The ultimate go-ahead-and

Donald M. Lance LanceDM at MISSOURI.EDU
Tue Aug 22 20:30:24 UTC 2000

P.S.  In my case, the expression fits perfectly when I've been debating with myself
whether/when to act or a group has been discussing a possible move and I/we make a
decision to act, whether after a few seconds or after a longer time.  It's so "I'd say
that" that I don't see why it seems strange to others.

"Donald M. Lance" wrote:

> Not just secretaries.  I'm sure I've been using it for years.
> DMLance
> "Peter A. McGraw" wrote:
> > Well, maybe not the ultimate, but a first for me.
> >
> > I don't remember when I became conscious of this, but it's been around
> > awhile.  It's what might be called the empty "go-ahead-and."  As in, "I'll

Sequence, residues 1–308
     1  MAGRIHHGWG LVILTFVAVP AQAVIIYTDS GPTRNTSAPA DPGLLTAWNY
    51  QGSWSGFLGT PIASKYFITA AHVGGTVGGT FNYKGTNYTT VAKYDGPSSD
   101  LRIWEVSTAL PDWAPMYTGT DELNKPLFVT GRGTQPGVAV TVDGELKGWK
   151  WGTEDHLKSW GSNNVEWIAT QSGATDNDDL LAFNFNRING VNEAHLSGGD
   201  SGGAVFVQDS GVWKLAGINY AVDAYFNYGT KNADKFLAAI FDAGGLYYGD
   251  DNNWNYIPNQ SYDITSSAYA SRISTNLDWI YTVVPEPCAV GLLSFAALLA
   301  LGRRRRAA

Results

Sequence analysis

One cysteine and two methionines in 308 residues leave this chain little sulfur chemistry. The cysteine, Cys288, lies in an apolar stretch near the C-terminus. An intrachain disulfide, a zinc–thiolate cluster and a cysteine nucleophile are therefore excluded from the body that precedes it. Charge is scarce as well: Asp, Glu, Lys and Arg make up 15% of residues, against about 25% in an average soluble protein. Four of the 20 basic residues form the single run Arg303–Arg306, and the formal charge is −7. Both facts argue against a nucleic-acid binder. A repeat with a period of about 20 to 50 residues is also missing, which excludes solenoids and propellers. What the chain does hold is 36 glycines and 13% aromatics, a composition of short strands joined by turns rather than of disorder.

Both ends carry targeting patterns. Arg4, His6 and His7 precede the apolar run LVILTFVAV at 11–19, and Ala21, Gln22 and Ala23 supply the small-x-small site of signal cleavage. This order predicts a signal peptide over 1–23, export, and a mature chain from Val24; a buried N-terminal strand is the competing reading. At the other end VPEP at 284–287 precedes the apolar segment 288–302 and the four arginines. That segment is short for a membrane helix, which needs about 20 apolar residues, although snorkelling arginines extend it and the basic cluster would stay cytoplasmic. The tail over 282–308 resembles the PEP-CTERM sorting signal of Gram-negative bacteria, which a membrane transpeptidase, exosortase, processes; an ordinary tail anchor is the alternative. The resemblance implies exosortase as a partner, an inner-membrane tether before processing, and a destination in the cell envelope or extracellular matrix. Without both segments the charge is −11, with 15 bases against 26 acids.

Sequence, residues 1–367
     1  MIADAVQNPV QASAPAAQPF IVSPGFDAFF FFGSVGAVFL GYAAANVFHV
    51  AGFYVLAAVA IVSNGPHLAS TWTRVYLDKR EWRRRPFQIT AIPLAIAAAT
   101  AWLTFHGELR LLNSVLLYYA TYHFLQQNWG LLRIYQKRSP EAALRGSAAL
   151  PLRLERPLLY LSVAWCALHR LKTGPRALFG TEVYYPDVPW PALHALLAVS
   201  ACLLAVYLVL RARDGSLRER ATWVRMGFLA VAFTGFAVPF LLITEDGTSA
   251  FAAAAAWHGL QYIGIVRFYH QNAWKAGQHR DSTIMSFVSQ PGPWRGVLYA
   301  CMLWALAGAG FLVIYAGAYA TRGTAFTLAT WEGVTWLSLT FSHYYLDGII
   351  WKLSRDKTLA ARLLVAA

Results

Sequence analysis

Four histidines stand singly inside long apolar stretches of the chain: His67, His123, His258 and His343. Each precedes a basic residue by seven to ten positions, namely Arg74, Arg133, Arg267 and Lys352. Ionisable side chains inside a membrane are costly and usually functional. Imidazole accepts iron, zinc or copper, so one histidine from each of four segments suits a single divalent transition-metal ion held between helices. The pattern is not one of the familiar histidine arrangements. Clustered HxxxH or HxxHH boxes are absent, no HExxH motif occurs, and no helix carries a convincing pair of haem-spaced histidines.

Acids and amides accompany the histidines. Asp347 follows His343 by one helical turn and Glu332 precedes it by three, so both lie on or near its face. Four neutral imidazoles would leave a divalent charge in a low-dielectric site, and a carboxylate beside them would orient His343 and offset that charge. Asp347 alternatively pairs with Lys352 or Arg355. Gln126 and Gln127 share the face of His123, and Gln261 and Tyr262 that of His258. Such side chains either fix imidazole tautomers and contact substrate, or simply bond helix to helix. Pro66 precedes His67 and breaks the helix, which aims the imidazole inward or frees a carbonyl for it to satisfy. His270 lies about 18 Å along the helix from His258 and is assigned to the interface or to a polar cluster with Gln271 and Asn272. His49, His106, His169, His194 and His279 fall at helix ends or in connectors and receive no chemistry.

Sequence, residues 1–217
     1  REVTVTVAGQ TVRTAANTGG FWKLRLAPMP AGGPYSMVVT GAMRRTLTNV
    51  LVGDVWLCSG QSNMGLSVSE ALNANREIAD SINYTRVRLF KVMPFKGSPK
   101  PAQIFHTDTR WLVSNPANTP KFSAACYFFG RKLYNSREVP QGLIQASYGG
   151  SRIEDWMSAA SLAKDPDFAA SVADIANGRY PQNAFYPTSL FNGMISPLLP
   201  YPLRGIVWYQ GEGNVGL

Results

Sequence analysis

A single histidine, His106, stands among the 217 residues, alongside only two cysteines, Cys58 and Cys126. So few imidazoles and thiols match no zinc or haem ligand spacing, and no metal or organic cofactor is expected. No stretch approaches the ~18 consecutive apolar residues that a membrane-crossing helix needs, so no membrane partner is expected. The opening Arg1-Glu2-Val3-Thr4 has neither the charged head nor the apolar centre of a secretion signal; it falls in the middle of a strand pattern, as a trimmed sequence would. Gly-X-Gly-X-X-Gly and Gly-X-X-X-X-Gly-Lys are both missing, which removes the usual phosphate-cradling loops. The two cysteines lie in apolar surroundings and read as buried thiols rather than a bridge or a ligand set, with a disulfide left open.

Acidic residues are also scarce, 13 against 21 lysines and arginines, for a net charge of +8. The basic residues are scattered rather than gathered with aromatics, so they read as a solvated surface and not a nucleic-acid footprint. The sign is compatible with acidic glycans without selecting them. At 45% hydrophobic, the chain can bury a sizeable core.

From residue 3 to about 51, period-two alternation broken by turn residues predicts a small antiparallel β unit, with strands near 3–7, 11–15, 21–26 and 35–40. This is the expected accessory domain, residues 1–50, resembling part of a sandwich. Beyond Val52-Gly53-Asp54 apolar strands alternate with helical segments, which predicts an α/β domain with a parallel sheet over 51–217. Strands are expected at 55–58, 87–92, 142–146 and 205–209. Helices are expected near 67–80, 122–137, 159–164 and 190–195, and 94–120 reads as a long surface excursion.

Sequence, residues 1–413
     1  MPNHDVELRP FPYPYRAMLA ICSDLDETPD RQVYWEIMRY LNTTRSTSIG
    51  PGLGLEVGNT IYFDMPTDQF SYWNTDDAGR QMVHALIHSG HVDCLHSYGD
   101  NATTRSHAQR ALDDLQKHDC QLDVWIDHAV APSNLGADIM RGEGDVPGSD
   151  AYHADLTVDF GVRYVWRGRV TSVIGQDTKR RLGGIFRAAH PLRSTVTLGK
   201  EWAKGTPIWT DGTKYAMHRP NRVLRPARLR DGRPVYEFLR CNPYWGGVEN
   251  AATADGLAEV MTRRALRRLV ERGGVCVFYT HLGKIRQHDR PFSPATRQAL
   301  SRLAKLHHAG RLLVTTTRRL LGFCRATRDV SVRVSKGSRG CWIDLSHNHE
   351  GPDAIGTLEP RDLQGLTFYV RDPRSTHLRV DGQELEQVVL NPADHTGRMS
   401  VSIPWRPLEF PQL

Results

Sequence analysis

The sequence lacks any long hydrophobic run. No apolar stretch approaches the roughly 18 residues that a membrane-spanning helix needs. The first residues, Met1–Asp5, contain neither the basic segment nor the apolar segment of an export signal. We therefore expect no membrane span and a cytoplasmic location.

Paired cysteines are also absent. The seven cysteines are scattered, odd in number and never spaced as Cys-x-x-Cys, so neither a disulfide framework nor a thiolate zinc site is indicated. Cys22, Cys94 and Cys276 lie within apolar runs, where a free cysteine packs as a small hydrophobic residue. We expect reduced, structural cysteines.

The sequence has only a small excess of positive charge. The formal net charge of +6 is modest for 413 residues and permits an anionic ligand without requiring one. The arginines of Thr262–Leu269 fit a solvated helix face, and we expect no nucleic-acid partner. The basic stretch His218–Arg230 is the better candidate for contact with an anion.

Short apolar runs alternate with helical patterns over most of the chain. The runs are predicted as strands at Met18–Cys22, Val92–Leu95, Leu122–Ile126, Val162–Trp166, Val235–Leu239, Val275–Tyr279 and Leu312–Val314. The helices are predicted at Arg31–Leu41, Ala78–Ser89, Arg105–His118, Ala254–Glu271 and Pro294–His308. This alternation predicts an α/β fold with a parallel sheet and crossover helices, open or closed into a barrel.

> > go ahead and tell Mr. Smith you're here."  In my experience it's confined
> > to female speakers who are secretaries, receptionists and the like.  With
> > some speakers, it seems as if EVERY verb becomes "go-ahead-and V."  The
> > meaning seems to be something like, "Get ready--pay attention--verb
> > coming."  Nonetheless it seems to me that at least a vestige of literal
> > meaning is usually preserved, in that the verb that follows denotes an
> > action that one MIGHT, theoretically, have been waiting for a go-ahead to
> > carry out.
> >
> > Not anymore.
> >
> > One of the secretaries here just said, "Do you want me to go-ahead-and not
> > even bother stuffing those envelopes?"  Somehow that seems to complete a
> > transition that I had not seen completed before.
> >
> > Peter Mc.
> >
> > ****************************************************************************
> >                                Peter A. McGraw
> >                    Linfield College   *   McMinnville, OR
> >                             pmcgraw at

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